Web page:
What is an air ambulance?
    A business jet that is configured for patient transport.  For Premier Jets, that is a Lear Jet with upgraded fuel tanks for longer range flights.  A
    medical base sits on one side of the cabin.  The nurses and medical technicians sit on the other.  Accompanying family members sit in the rear of
    the cabin. Oxygen, vital sign monitoring, fluids, and medicines are all available to the patient.

    Who needs an air ambulance?
    A patient who is too far away from his/her home health care for ground medical transportation, and whose condition is not suitable for air

    What must I do to secure air ambulance services?
    Contact Premier Jets directly or through an industry broker. Secure the service with a payment plan.  Coordinate the details with our mission
    planners. Please contact our Mission Planning  Specialist  operations@premierjets.com

    What aircraft will transport me?
    In the case of Premier Jets and Lifeguard Air Ambulance the aircraft will be from our fleet of Lear Jet models 35 and 36.  These are the most
    cost-effective of aircraft performing the international air ambulance mission today.  In the case of the Lear 36, ours have been modified with
    enlarged tip tanks to allow longer flights.  This capability allows you to arrive faster and saves money.

    What medical staff will attend to me while in flight?
    Normally, it will be a medical team of two, and tailored to the medical condition of the patient.  A critical care nurse is usually paired with a
    Respiratory Therapist or Paramedic.  When recommended or requested by the sending or receiving physician, an on-board physician will be
    added to the medical team.

    How about the pilots?
    The Lear Jet flies with two pilots.  On occasion, a third pilot is assigned because by FAA regulations, a slightly longer crew duty day is permitted
    when three pilots share the workload of two cockpit seats.  That can simplify and speed the flight to destination at times.  
    The Captain is FAA certified for his position.  He or she demonstrates proficiency at his position during two flight evaluations per year.  In addition
    he or she attends a refresher ground school with simulator training once each year.  Multiple, complex aircraft emergency situations are
    experienced during this formal training.  Also, captains pass a FAA Class 1 flight physical, the same as do captains of major scheduled airlines,
    twice each year.  The average experience of a Premier Jets captain is more than 25 years and 4000 flight hours.  
    The First Officer is well trained in his or her position.  He or she also receives an annual Class 2 flight physical and one flight evaluation per year.  
    The average experience of the Premier Jets' current roster of First Officers exceeds three years and 1500 flight hours.

    FAQs Frequently Asked Questions and Answers

    What must I do to prepare for the flight?
    Once the flight is contracted, stay in close communication with the Premier Jet's mission coordinator.  Anticipate flights that can last up to six
    hours.  Taking a jacket on board is a good idea, though room temperature is the norm in the cabin, at any altitude.

    Do I have to find my own ground transportation to the aircraft?
    No.  You may if you choose, but we recommend that we do it.  We are experienced.  It is our aircraft and medical staff that has to meet the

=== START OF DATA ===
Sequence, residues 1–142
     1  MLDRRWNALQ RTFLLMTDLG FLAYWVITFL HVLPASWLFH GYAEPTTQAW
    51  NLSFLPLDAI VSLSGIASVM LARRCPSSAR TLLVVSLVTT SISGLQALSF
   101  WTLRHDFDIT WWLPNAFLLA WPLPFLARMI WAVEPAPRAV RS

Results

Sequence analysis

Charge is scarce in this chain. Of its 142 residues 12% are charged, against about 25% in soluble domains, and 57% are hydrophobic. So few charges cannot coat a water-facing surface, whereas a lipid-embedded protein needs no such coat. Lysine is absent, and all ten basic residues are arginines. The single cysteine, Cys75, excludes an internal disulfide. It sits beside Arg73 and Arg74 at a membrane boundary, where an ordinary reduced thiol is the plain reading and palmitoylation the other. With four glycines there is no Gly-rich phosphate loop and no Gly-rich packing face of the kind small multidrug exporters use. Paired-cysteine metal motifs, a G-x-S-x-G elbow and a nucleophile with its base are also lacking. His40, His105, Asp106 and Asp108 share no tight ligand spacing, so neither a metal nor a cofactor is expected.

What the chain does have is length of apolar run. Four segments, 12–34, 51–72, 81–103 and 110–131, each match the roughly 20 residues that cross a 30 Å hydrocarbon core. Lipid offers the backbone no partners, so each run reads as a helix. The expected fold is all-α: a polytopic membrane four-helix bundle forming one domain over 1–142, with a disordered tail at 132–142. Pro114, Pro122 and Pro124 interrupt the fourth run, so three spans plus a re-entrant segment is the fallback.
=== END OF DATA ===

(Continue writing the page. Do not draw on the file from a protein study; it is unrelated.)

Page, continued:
ambulance and work with the ground ambulance medical staff.  The hospital has to be aware of ambulance movements that affect its patients.  
    Overall, we find that it works best for both of us if handle it for you.

    How much will this cost?
    The cost of the flight is based on the number of flight hours it will take to complete the mission.  That does include returning our jet and crew to
    its home base.  Other things that can add to the cost include, extra crew requirements (additional pilot or doctor, for instance), landing fees,
    cost of hotels and living expenses for the crew.  A US Dollar quote can usually be generated within an hour or two, once we know the details
    of the trip.  Our Lear Jet fleet is the most cost-effective aircraft with world-wide capability that does this mission.  We plan the missions to
    travel the most direct route to collect the patient and to take him or her to their destination hospital.

    How many family members can ride along?
    Usually, one.  The patient, the medical crew, and their required equipment takes up much of the space within the cabin.  Normally, there is
    space for one family member to occupy a comfortable seat in the rear of the cabin area.

    Are meals served on the aircraft?
    There is no kitchen.  Expect a box lunch that can be related to the country from which it came. On board, expect to find hot coffee, soft
    drinks, water, packaged snacks, cups, and napkins.  If you have special needs or requests for food or drink, they can usually be
    accommodated if requested in advance.

    How much luggage can I bring?
    There is not a lot of spare room for baggage in the Lear Jet.  Taking a purse or laptop, plus one medium sized piece of luggage per person
    usually works.  If you have more than that to get home, shipping it in advance of your air ambulance flight is recommended.  

    Are pets allowed?
    It depends. Pets are important, we agree.  Some countries are more difficult to pass through with pets than others.  Knowing the size and
    weight of the animal would be required.  The pet would have to have its vaccinations up to date and proven so.  Travelling in a cage would
    normally be expected.  If the details of the flight dictate that a pet cannot come along, commercial transportation for the pet can be arranged.
Committed to providing safe, caring, and cost-effective world-wide air medical transport
To speak to a Flight
800-635-8583 or